Hird married musician James Scott in 1937. They had a daughter, Actress Janette Scott, in 1938. Hird was widowed in 1994, having been married for 57 years.
Although Hird left Morecambe in the late 1940s, she retained her affection for the town, referring to herself as a "sand grown 'un", the colloquial term for anyone born in Morecambe.
Initially, she made regular appearances in films, including the wartime propaganda film Went the Day Well? (1942, known as 48 Hours in the USA), in which she is shown wielding a rifle to defend a house from German paratroopers. She worked with the British film Comedian Will Hay and featured in The Entertainer (1960), which starred Laurence Olivier, as well as A Kind of Loving (1962) with Alan Bates.
Thora Hird gained her highest profile in television comedy, notably the sitcoms Meet the Wife (1963–66), In Loving Memory (1979–86), Hallelujah! (1983–84), and for nearly two decades as Edie Pegden in Last of the Summer Wine (1986–2003). However, she played a variety of roles, including the nurse in Romeo and Juliet, and won BAFTA Best Actress awards for her roles in two of Alan Bennett's Talking Heads monologues.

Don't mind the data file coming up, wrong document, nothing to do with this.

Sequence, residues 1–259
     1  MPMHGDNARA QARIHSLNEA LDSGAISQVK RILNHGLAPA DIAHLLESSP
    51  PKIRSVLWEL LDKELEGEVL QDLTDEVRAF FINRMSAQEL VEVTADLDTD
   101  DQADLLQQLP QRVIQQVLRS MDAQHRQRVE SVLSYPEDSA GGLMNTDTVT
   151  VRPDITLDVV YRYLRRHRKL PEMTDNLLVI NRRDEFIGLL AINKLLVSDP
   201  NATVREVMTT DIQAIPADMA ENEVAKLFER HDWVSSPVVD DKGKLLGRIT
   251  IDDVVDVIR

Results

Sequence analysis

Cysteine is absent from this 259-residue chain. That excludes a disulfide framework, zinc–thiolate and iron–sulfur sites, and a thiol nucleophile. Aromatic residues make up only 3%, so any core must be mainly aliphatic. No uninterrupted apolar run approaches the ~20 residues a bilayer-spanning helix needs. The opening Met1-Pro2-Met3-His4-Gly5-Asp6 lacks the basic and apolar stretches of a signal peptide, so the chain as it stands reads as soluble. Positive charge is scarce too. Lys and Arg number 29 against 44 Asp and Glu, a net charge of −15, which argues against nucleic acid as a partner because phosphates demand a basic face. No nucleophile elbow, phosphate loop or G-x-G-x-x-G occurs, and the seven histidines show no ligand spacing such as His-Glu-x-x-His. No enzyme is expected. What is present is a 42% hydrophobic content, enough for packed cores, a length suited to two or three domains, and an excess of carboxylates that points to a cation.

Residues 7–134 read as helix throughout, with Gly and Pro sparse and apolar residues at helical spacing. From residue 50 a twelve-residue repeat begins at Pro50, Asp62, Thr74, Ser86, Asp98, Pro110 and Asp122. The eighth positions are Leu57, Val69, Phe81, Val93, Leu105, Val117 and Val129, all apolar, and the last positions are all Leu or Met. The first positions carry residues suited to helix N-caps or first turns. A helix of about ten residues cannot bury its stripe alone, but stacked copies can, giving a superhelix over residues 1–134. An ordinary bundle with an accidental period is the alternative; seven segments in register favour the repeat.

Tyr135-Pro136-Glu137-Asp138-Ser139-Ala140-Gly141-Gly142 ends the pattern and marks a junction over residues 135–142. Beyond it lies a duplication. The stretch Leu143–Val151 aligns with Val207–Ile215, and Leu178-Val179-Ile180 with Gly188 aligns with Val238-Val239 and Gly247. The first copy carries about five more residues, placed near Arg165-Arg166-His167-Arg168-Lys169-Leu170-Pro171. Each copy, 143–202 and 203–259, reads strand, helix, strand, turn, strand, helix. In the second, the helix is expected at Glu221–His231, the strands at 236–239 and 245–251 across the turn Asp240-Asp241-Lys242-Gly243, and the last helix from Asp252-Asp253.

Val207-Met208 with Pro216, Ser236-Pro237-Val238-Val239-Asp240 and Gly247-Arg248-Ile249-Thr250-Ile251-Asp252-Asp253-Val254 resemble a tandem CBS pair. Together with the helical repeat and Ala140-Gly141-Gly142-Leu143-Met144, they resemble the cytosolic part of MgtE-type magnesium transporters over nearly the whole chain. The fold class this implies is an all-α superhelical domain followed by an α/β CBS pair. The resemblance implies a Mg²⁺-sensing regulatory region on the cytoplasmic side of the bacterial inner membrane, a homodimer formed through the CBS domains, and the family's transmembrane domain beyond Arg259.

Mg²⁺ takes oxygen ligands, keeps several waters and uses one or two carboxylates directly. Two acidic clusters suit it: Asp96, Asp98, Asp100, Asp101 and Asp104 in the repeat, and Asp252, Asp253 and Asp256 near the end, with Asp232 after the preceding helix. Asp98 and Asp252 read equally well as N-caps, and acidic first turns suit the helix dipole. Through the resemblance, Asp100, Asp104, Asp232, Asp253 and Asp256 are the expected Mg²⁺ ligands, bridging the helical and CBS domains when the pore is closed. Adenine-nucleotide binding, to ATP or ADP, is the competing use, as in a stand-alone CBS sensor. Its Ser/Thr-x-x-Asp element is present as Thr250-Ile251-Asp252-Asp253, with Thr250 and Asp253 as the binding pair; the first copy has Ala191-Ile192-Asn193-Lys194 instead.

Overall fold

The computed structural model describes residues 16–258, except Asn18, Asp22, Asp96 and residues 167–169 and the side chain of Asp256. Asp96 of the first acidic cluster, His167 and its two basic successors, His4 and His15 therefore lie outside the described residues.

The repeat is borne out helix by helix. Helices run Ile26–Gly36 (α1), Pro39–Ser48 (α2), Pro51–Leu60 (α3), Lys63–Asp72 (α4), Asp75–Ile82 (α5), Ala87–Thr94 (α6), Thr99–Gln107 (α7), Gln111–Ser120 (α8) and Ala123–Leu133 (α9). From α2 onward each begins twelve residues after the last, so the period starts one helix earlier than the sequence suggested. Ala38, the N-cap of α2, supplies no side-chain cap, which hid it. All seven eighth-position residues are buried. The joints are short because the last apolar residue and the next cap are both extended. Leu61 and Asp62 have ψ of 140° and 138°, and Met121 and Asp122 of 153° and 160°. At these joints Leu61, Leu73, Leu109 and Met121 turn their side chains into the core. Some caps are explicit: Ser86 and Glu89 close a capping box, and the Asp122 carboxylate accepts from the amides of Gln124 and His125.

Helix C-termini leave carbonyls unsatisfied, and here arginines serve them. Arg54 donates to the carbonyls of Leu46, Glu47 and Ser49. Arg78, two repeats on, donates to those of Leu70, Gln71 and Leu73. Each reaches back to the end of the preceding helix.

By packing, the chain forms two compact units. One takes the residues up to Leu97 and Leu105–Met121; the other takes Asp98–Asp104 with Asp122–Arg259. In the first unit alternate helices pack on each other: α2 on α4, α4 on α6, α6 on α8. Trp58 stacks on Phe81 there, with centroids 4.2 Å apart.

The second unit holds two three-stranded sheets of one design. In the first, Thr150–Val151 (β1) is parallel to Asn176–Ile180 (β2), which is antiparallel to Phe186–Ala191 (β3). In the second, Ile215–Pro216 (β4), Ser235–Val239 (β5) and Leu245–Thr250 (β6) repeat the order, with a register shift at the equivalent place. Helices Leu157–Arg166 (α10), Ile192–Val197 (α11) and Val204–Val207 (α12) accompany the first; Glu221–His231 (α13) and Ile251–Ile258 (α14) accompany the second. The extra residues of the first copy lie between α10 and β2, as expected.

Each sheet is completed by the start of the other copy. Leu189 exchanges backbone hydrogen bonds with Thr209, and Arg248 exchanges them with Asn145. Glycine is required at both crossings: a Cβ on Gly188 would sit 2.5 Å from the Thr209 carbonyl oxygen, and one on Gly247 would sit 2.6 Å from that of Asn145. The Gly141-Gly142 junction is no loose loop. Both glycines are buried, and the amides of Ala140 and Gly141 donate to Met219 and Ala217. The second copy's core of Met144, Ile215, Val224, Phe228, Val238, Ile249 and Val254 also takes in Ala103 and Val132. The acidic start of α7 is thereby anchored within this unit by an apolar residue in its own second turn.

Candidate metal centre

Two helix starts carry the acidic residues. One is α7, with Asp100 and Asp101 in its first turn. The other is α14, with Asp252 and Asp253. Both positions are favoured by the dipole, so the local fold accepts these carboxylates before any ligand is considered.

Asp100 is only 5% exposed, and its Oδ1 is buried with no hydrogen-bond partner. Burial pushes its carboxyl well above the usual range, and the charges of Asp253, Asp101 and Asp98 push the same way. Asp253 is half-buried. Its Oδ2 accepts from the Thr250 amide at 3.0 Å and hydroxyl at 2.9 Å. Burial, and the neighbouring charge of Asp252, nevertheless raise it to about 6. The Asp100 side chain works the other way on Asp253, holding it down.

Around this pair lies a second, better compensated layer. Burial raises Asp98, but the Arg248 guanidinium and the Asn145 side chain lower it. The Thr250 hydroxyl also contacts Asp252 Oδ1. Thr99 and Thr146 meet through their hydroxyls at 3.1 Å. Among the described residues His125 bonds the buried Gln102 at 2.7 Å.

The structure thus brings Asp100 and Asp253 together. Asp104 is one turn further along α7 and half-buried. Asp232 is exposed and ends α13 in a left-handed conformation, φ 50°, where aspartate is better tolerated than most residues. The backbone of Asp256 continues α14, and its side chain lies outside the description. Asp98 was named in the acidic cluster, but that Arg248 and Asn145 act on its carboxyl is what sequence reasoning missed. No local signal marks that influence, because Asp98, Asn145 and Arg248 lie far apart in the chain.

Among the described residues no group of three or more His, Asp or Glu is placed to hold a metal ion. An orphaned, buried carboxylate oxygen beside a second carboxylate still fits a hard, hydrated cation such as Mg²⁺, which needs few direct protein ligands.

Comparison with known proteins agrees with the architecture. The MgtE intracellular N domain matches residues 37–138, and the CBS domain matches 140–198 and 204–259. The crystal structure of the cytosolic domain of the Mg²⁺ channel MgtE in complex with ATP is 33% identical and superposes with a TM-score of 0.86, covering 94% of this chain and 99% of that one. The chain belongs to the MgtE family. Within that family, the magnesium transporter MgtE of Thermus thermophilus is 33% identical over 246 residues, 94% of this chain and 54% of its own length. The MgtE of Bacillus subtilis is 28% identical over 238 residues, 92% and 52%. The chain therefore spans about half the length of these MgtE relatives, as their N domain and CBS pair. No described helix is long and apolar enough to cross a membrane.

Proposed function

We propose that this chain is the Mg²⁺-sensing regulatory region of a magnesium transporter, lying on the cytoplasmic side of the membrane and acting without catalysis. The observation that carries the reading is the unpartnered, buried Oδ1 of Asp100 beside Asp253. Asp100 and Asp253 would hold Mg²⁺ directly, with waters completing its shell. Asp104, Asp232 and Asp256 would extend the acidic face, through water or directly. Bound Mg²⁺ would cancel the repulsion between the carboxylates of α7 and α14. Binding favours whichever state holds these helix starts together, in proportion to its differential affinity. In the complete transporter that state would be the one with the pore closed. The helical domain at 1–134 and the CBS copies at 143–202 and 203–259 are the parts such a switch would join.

She was the subject of This Is Your Life on two occasions: in January 1964 when she was surprised by Eamonn Andrews, and in December 1996, when Michael Aspel surprised her while filming on location for Last of the Summer Wine.
She was created an Officer of the Order of the British Empire (OBE) in the 1983 Birthday Honours and raised to Dame Commander (DBE) in the 1993 Birthday Honours. She received an honorary D.Litt. from Lancaster University in 1989.
In December 1998, using a wheelchair, Dame Thora played a brief but energetic cameo role as the mother of Dolly on Dinnerladies, a sarcastic character who was particularly bitter towards her daughter.
A memorial Service was held on 15 September 2003 at Westminster Abbey attended by more than 2000 people, including Alan Bennett, Sir David Frost, Melvyn Bragg and Victoria Wood.